"It's such a horrible subject that it could never come out of anybody's imagination," says Ms MacPhail. "It was so horrific I felt I had to write about it. There are a lot of novels on teenage pregnancies, problems girls face - I didn't want it to be the same. Basically, it's a mystery, a thriller about how the girl discovers what's going on in Dragon House."

From mystery to magical mystery: JK Rowling has won more awards for her Harry Potter books than her hero has for his quidditch. The panel thought this sixth novel in the series was a "fantastically well-written and gripping read that definitely lived up to expectations", and her young audience agreed.

What is clear is that the Royal Mail Scottish Children's Book Awards are here to stay. It has been a massive undertaking by Anna Gibbons and her colleagues at BRAW, with support from the Scottish Arts Council. The result has been a national verdict, delivered through a national network of teachers, librarians, educationists and children, all working, as Ms Gibbons put it, to keep literacy at the top of the agenda and make children's books part of the literary scene in Scotland.

What the children said of the winning books

Little Lost Cowboy

reviewed by Charlie Duffy, St Brigid's Primary, Glasgow"I've just read Little Lost Cowboy. The story is about a coyote which has lost its mum and needs help. I liked the book because it starts off as sad and becomes happy. It's funny when the animals and the moon tell him where to go. The illustrations are graphic and artistic, and are very lifelike. When we read Little Lost Cowboy to Primary 3 they loved it. They couldn't stop laughing.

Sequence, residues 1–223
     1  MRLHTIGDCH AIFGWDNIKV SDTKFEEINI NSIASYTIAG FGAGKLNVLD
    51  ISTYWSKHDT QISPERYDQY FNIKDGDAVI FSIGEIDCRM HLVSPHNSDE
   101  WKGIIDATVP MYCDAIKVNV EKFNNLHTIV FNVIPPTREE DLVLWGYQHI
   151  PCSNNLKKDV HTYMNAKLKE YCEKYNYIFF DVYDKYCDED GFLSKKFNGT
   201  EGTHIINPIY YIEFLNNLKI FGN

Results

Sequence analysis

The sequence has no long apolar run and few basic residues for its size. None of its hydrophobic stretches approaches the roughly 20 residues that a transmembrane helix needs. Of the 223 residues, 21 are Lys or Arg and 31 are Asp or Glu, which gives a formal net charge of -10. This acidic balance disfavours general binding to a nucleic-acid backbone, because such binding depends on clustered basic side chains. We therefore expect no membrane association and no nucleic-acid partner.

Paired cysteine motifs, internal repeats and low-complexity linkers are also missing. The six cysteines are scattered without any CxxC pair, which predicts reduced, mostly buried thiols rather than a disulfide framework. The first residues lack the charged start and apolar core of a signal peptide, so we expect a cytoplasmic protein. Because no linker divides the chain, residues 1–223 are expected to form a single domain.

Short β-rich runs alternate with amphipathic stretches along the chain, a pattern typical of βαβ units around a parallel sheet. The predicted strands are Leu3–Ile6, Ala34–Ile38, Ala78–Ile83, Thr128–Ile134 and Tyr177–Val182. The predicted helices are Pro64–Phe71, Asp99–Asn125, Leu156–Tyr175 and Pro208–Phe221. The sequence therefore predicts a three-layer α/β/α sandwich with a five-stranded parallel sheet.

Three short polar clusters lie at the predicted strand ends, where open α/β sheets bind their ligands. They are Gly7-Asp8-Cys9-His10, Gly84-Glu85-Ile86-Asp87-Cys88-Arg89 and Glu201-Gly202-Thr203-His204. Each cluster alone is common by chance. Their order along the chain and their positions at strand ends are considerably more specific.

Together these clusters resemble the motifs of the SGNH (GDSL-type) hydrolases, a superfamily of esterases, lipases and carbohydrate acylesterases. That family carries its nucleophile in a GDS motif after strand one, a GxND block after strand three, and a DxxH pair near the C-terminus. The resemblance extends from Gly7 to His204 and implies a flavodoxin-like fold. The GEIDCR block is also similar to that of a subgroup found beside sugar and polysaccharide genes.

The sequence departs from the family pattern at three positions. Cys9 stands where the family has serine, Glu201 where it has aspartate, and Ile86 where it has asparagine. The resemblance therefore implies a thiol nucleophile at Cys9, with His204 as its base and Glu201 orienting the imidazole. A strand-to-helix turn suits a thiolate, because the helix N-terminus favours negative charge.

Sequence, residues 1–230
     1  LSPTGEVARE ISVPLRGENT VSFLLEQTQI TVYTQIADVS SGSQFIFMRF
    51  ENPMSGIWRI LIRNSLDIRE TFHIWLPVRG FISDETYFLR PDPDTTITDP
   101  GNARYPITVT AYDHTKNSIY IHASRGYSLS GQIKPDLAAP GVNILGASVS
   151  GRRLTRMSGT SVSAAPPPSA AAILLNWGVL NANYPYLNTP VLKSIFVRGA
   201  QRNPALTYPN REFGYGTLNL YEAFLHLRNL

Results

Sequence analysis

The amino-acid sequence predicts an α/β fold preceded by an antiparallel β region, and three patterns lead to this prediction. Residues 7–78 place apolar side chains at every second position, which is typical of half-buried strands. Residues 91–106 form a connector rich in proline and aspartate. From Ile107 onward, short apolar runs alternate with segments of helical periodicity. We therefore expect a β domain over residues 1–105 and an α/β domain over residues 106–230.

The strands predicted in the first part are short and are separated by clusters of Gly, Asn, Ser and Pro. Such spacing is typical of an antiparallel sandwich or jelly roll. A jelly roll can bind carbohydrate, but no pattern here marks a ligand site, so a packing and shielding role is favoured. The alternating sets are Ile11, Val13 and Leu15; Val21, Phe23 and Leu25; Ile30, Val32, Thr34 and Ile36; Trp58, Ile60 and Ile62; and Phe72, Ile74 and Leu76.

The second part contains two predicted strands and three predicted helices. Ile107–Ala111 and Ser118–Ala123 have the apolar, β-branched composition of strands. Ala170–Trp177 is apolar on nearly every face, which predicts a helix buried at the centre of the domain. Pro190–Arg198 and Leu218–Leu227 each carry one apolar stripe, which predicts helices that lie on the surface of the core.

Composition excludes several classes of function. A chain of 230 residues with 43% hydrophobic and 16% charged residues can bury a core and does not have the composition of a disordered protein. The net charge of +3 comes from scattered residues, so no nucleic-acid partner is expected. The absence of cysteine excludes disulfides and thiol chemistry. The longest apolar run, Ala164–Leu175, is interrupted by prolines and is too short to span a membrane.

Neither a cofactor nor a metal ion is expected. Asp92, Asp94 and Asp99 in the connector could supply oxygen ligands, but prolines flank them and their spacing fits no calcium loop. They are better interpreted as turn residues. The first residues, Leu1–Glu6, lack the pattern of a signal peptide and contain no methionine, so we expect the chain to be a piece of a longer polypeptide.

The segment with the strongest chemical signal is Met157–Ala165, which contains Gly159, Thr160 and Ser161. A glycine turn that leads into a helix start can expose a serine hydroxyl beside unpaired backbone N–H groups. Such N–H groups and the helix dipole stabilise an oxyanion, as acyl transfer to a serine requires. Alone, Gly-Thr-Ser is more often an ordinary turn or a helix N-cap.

I thought they were going to explode. I think everyone who has young children should buy this brilliant book."

Harry Potter and the Half-Blood Prince

reviewed by Margaret Ann Macleod, Western Isles Libraries

"JK Rowling is an exceptionally good author, but this is one of her best.

In the sixth book, Harry Potter and Dumbledore are looking into Lord Voldemort's past, which provides Harry with valuable information... I was spellbound reading it. There were no weak parts. I'll vote for it as it had me gripped and passed the test with flying colours. Well done, JK Rowling.

A real toe curler."

Roxy's Baby

reviewed by Leah Aylwin, Bearsden Academy, East Dunbartonshire "Roxy's Baby

was a novel I have been most enthusiastic about. Judging by the front cover I wouldn't have picked this book as it looked girly and didn't resemble a thriller. However, when I began to read it, I didn't put it down until the last word. It was full of cliffhangers and the storyline would veer off in another direction as soon as I thought it was heading down a particular path. I was engrossed. I thoroughly enjoyed the book, especially towards the end, when Roxy is in such an awful position that she concludes that the only way to escape from the malicious and manipulative Dyces was to burn the house down. I could feel my heart racing as I got nearer the end of the novel... Roxy's Baby, a thriller I'm passionate about."